• A roofing crew using a torch to soften asphalt shingles was responsible for a costly Memorial Day fire at Hollywood’s Universal Studios, according to The Associated Press. The 12-hour blaze destroyed two blocks of a faux New York brownstone streetscape, as well as the studio’s King Kong attraction and the courthouse square from the 1985 hit movie Back to the Future.
  • How do you move a lot of unsold houses fast? Michael Crews Development, a San Diego–based residential builder, is taking an approach more commonly associated with pizza or fast-food sales: Buyers of one of the company’s $1.6 to $1.8 million “estate homes” in an Escondido gated community will receive a second house (valued at $399,900, according to the company) in a nearby townhouse development free. Breadsticks and a large soda apparently are not included.
  • Bosch has announced the recall of 9,700 half-inch hammer drills because of a defective trigger: The drill may continue to operate after the trigger’s released. The model 1191VSR hammer drills were sold nationwide from July 2007 through April 2008. For more information, contact Bosch Tools at 877/472-0007 or go to

Pneumatic Nailer Triggering Has Little Effect on Speed, Study Finds

A growing body of research suggests that framing and sheating with a pneumatic nailer set to contact-trip mode is at least twice as dangerous as working with a sequentially triggered gun (see “Pneumatic Nailers Under Fire Again,” In The News, 7/08). Still, it's long been an article of faith among carpenters that bump-nailing is the faster method. And a recent study of experienced carpenters appears to confirm that belief: Sequential nailing — which requires the user to squeeze the trigger for each individual fastener — is indeed somewhat slower. However, the overall difference in speed turns out to be surprisingly small. In the study — summarized in the July/August issue of Public Health Reports — 10 journeyman carpenters, working individually, each framed and sheathed two precut hip-roofed 8-by-10-foot sheds, once with a contact-triggered nailer and once with a sequentially triggered tool. Half worked with the sequential nailer first, and half with the contact nailer first. All 20 projects were recorded on videotape, and the tape was broken down to determine how much time the participants — who had been told to work at a normal pace — actually spent nailing. (Time spend handling and positioning material was excluded.)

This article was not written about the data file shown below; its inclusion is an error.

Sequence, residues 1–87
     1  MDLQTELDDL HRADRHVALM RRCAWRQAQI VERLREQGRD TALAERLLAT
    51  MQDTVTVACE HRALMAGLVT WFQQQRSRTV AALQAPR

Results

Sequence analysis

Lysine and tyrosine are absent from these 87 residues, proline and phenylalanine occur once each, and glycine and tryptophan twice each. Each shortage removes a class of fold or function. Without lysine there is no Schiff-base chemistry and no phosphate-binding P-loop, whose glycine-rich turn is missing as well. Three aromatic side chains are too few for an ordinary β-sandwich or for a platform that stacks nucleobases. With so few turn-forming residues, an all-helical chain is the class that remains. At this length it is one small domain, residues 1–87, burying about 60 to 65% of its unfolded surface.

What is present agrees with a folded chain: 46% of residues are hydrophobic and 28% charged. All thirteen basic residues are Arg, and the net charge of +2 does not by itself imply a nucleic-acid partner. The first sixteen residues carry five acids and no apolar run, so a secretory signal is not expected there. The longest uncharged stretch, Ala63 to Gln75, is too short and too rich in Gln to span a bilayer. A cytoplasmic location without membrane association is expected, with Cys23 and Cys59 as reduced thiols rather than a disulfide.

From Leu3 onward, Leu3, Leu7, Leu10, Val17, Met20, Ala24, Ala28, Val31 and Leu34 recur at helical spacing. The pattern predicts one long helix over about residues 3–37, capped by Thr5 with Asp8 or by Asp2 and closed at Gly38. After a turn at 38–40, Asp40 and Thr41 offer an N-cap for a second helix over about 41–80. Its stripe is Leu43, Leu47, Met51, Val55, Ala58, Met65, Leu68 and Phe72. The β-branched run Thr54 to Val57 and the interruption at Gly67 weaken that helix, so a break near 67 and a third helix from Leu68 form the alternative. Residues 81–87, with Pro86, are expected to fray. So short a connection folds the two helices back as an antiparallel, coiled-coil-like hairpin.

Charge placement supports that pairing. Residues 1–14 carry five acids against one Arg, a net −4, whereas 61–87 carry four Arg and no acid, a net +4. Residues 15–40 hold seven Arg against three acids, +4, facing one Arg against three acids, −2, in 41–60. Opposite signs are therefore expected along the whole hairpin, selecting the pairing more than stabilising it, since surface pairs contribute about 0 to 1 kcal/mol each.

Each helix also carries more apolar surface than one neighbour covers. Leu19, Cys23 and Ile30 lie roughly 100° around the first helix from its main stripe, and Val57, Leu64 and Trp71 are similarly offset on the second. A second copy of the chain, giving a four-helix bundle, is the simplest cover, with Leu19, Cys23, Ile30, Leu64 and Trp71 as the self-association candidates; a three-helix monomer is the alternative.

Analysis of the tapes showed that the mean amount of time spent nailing came to 92.8 minutes per shed for the contact-triggered tool and 103.0 minutes for the sequential-fire gun — a ten percent difference in favor of bump-nailing. But when layout, cutting, and handling time were included, the disparity fell to 0.77 percent of the mean 1,298 minutes spent on each shed.

Although all of the participants were experienced residential carpenters, there was a substantial difference in speed from one individual to the next. Sequential- and contact-triggered nailing times for three of the 10, for example, varied by less than three minutes, while the times of three others varied by 20 minutes or more. So how much of that variability was due to the type of nailer used and how much to the carpenters themselves? After conducting a statistical analysis, the study's authors concluded that slightly more than two-thirds of the variability in speed could be attributed to differences among carpenters and one-third to other factors, including trigger types. In other words, speed of nailing seems to depend less on the tool used than on the person using it.

Finally, the researchers also found that the type of nailer had little effect on the quantity of nails used, which ranged from 1,022 to 1,368 per shed. Missed nail placements for the two trials were also quite close, with a mean of 25 misses per shed assembled with contact nailers, and 22 per shed with sequential-trip tools. As you might expect, though, practice did make a difference, with carpenters using a mean of 30 more nails to assemble their first shed than their second, regardless of trigger type. — Jon Vara